Llalla Pallozza...Image fades but memory lingers on Artist(s)Sir Eduardo PaolozziArtist NationalityBritish (modern)Object Creation Date1965 - 1970Medium & Supportscreenprint on paperDimensions
14 15/16 in x 10 in (37.94 cm x 25.4 cm);19 3/8 in x 14 in (49.21 cm x 35.56 cm)Credit LineGift of Professor Diane M. KirkpatrickSubject matter
Like many of his contemporaries, Paolozzi used screenprinting as a way to engage with modern mass media's new visual culture. At the same time, the photomechanical process made the work look mechanically manufactured rather than hand made, in the traditional artistic sense. Therefore, when he modified, transformed, and assembled the source image(s), the medium would allow for a more uniform final image.
This print is one of a large series of 50 prints included in the 1970 portfolio, which was a second edition of the an earlier group of slightly larger prints titled "Moonstrips Empire News." While the first series was strictly produced as screenprints, this second series "General Dynamic F.U.N." includes works of photolithography. The themes seen in this portfolio are different in style and subject matter from other Pop works of the period, but engage with the images of a modern mass media, looking beyond just advertising and publicity images. Likewise, the title of the portfolio alludes to the General Dynamics Corporation, who was the manufacturer of the F-111 fighter used during the Vietnam War—the same one referenced in James Rosenquist monumental painting "F-111."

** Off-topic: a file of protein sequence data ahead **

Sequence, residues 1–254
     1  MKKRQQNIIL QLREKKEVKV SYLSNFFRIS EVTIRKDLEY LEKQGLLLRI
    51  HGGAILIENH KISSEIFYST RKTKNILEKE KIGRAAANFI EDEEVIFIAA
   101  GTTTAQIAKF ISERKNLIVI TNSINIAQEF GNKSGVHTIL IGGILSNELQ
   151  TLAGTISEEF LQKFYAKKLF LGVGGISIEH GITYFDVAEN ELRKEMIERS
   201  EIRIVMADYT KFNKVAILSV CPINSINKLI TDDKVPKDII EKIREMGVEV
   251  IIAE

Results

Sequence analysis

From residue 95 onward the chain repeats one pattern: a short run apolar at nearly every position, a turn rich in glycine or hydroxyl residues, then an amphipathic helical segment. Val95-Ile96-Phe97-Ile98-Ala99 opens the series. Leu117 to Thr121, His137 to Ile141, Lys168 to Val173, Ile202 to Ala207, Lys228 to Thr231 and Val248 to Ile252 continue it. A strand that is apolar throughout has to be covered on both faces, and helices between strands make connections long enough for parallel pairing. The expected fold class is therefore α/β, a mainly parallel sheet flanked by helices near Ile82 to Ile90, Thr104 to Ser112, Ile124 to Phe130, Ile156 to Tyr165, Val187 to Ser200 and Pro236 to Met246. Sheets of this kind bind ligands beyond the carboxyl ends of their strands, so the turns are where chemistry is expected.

This work plays a similar visual game as Richard Hamilton's iconic Just What Is It That Makes Today's Homes So Different, So Appealing?
(1956). It references the Lollipop in the title and in the candy frame—the origin of the term Llalla Pallozza is an idiomatic phrase meaning something exceptional but by the mid-twentieth century referenced the popular candy. Like the earlier work, Paolozzi's image also juxtaposes domestic products like the television scene with nature, the moth, and the shiny and sexualized bodies of the models. At the same time, the man flexing his muscles, Arnold Schwarzenegger, and his female companion are a satrical version of Adam and Eve.Physical Description
This color screenprint is separated into two main parts. At the top is a frame made out of unwrapped candy and wrapped candy bars with an image of a man flexing his arm, while a bikini-clad woman peeks from behind the bicep in the frame. The bottom half of the image has two blue and red stars, one on top of the other at the right, and a television to the left. The television has a handle at the top, with an arm coming from the upper candy-frame to hold the handle, and on the screen is a large moth on a red background.Primary Object ClassificationPrintCollection AreaModern and ContemporaryRights
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Pop (fine arts styles)
television (telecommunication system)